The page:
Enforce Custody & Visitation
If a parent is not following a custody order, there are different options available to get the court's help. Read this section for more information about the ways to handle custody violations.
Only use these forms if you already have a custody order from the 8th Judicial District Court in Clark County NV. If you have a custody order from another state that you need to enforce, visit Enforcing Out-of-State Orders for information on how to get a Nevada court to assist in enforcing your order.
When a parent won't follow a Nevada custody or visitation order, you have two options:
- File a Motion To Enforce Custody and Visitation: When you simply want the other parent to obey the custody and visitation order, you can file a Motion to Enforce Custody and Visitation. The judge will have you both appear in court to find out why the visitation schedule is not being followed, and may award make-up time for any time with the children that was missed. You can request an emergency hearing to get the matter heard as quickly as possible.
- Request a "Pickup Order" to have the child immediately returned to you: When there is an emergency and you want the child returned to you right away, you can ask the court to give you a "Pickup Order" that awards you temporary sole custody. This is usually the kind of order law enforcement requires before they will get involved in custody and visitation issues. These orders are only granted in true emergencies.
This motion tells the judge how the custody/visitation order is not being followed. The judge will have you both appear in court, and may award make-up time for any time with the children that was missed.
1. Fill out the forms
You have to fill out both of these forms:
Motion / Opposition Fee Information Sheet (pdf fillable) (There is typically a $25 filing fee due when you file your motion. If you originally got a divorce by filing a Joint Petition for Divorce, the Court will charge an additional $129 the first time you file a motion and reopen your case)
2. File the forms
The clerk will issue a Clerk's Notice of Hearing setting a court date when you file this motion.
If you want the judge to hear your case quicker because of urgent issues, you can apply for an emergency hearing. It will be up to the judge to decide whether to move your court date up. To ask for an emergency hearing, fill out both forms below.
3. Serve the Other Party
It is up to YOU to make sure the other party is served; the court does not serve the papers for you! You must have the other party served with all the documents you filed plus the Clerk's Notice of Hearing.
- First, you must serve a copy of your motion and any other documents you filed within 3 days of filing the motion. You can usually serve by regular mail or through the court's e-filing system if the other party is registered, but some judges may require something else. Check with your judge's staff if you are not sure. If the judge requires personal service, follow the steps in the bullet point below instead.
Complete a Certificate of Service after serving the documents. If you are serving by mail but do not know where the other parent lives, check your case to find out what address the court has listed for the person. You are expected to mail the documents to any address the court has listed for the person, plus any other addresses where you think the person is living. File the Certificate of Service with the court.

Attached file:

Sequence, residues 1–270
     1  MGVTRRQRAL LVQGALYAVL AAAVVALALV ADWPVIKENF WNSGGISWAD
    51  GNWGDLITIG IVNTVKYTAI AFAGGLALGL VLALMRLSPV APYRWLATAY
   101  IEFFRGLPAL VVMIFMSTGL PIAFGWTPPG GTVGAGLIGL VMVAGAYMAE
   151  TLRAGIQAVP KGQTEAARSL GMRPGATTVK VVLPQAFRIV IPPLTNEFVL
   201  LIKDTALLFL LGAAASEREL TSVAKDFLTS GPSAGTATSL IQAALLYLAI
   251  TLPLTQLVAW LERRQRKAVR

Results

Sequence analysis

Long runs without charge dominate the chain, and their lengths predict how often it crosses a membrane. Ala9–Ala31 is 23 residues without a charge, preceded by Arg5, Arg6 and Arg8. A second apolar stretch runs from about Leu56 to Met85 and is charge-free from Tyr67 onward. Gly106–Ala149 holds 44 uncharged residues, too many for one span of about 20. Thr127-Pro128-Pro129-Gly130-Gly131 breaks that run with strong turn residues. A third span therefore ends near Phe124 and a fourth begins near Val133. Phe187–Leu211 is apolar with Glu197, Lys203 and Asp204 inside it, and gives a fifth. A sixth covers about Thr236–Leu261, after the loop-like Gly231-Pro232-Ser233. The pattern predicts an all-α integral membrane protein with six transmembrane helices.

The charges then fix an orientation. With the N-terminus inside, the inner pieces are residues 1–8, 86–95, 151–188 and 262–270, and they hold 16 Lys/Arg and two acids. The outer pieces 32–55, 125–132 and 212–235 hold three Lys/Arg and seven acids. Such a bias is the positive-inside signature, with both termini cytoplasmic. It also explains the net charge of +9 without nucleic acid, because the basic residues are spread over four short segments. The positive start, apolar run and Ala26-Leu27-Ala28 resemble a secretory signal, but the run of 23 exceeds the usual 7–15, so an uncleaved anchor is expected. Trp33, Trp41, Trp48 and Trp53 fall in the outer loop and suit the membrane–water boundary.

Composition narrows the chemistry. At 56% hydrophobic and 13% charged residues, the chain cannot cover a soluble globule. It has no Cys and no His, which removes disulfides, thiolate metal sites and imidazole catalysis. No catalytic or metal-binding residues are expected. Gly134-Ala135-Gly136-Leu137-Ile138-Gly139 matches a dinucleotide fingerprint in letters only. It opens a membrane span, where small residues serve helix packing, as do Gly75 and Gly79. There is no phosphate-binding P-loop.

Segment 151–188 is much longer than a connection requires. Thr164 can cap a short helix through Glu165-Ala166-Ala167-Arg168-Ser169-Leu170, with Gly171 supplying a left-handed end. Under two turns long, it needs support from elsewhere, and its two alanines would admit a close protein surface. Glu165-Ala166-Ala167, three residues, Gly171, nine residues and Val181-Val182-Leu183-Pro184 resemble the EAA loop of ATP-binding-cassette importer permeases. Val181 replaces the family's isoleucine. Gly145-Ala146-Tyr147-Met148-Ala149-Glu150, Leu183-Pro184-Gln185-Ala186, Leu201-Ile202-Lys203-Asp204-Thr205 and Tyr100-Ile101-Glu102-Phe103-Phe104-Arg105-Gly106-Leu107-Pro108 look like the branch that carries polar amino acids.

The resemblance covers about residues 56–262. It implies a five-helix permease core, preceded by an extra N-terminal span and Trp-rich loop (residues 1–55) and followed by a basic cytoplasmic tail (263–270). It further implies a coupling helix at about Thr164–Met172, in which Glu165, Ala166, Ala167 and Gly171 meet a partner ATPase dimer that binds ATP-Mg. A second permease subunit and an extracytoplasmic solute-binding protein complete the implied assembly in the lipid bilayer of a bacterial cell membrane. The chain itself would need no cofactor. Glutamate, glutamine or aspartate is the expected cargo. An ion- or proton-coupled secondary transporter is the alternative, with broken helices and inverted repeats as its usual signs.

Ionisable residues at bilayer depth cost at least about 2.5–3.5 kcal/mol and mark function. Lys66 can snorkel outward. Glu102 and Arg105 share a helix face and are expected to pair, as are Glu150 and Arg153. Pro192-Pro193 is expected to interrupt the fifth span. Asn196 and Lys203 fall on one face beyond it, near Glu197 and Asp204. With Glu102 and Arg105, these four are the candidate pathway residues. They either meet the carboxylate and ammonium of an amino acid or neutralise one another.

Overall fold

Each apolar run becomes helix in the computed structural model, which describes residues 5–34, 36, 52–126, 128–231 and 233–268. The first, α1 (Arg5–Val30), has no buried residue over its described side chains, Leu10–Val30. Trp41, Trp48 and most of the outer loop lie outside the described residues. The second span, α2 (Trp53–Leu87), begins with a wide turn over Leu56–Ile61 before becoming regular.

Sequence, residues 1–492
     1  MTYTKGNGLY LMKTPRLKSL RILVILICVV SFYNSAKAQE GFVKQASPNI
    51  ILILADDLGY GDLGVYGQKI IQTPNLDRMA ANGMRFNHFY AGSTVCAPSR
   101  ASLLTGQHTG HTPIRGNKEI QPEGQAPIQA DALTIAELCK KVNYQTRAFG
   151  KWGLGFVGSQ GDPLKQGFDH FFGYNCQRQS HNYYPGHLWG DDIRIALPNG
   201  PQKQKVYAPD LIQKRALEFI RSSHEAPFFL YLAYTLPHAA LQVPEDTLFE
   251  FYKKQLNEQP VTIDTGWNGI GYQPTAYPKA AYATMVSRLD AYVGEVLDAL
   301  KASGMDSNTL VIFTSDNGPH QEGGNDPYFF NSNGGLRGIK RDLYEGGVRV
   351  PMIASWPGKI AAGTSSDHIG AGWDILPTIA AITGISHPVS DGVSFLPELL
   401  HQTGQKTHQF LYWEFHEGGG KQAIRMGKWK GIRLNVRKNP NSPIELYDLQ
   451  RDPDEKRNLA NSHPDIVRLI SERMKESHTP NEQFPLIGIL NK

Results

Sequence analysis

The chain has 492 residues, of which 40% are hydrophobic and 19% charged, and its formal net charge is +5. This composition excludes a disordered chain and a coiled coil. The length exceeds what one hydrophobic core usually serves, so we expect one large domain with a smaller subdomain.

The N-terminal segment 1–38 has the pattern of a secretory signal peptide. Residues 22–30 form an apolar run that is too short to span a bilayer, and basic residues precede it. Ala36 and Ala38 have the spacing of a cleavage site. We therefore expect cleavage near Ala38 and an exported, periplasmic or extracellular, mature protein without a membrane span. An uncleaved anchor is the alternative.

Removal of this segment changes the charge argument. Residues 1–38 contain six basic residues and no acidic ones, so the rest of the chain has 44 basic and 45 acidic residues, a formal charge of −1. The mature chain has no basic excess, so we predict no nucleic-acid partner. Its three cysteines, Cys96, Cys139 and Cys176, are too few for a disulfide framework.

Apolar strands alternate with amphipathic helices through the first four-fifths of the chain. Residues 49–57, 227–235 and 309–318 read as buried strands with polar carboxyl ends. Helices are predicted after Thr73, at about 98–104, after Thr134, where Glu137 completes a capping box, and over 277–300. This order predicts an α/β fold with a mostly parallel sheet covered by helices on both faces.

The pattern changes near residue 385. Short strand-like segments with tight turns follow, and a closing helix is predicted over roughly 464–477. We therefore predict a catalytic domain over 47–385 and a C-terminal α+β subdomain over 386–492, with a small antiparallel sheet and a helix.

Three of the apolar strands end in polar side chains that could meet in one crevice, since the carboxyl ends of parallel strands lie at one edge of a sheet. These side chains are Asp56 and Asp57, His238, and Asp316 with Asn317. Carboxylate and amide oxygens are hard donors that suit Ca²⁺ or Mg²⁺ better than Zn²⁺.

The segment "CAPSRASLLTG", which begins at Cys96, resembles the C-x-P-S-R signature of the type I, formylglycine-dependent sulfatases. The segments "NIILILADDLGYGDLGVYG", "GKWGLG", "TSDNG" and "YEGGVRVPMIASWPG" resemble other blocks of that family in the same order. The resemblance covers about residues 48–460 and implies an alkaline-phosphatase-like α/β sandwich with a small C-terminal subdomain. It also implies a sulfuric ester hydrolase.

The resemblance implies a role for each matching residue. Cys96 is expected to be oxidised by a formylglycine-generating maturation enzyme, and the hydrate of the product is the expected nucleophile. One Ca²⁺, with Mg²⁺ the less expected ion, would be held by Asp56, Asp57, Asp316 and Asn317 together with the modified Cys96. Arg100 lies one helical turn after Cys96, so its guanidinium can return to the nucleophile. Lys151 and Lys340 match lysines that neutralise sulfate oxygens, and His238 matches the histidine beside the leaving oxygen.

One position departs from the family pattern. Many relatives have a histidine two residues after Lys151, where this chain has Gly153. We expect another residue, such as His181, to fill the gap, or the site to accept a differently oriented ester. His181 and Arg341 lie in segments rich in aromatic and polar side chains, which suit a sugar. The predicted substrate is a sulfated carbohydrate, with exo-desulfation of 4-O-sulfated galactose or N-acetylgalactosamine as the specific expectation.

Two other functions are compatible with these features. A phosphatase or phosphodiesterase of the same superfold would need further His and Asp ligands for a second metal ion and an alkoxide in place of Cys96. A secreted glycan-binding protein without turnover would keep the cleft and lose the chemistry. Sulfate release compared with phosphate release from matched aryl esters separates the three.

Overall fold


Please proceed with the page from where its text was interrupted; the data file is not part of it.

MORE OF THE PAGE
- Second, if the judge grants your Order Shortening Time, someone else will have to personally serve the other parent with a copy of the Order Shortening Time after the judge signs it. Whoever serves the other parent must complete an Affidavit of Service that states when, where, and what documents were served. File the Affidavit of Service with the court before your hearing.
Affidavit of Service (pdf fillable)
4. Attend the Hearing
The judge will hear from both of you at the hearing and decide what to do. You can attend by phone or video for most hearings (learn more about how to request a phone or video appearance on the Motions page). The judge may offer "makeup" visitation for you and the children. Let the judge know if you have a proposal for when you would like the children to make up for the time you lost.
Pickup orders are reserved for true emergencies. If there is not an emergency, judges typically prefer that you file a Motion to Enforce Custody and Visitation and appear at a hearing first.
If there is an emergency and you want the child returned to you immediately, you can ask for an "Pickup Order" that awards you temporary sole custody. If granted, the judge will give you an order for custody without you needing to appear in court. This is usually the kind of order law enforcement requires before they will get involved in custody or visitation issues. You can also contact the Nevada State Advocate for Missing and Exploited Children for possible assistance in having the child returned to you. Visit Missing Children for more information.
To ask for a pickup order, fill out both of these forms:
The judge will review your documents. The judge's staff will let you know whether your order is approved or denied. If the order is approved, you can contact law enforcement for assistance in retrieving the child. If the order is denied, you may need to file a Motion to Enforce Visitation or Custody so the judge can hear from both parents in court before deciding what to order.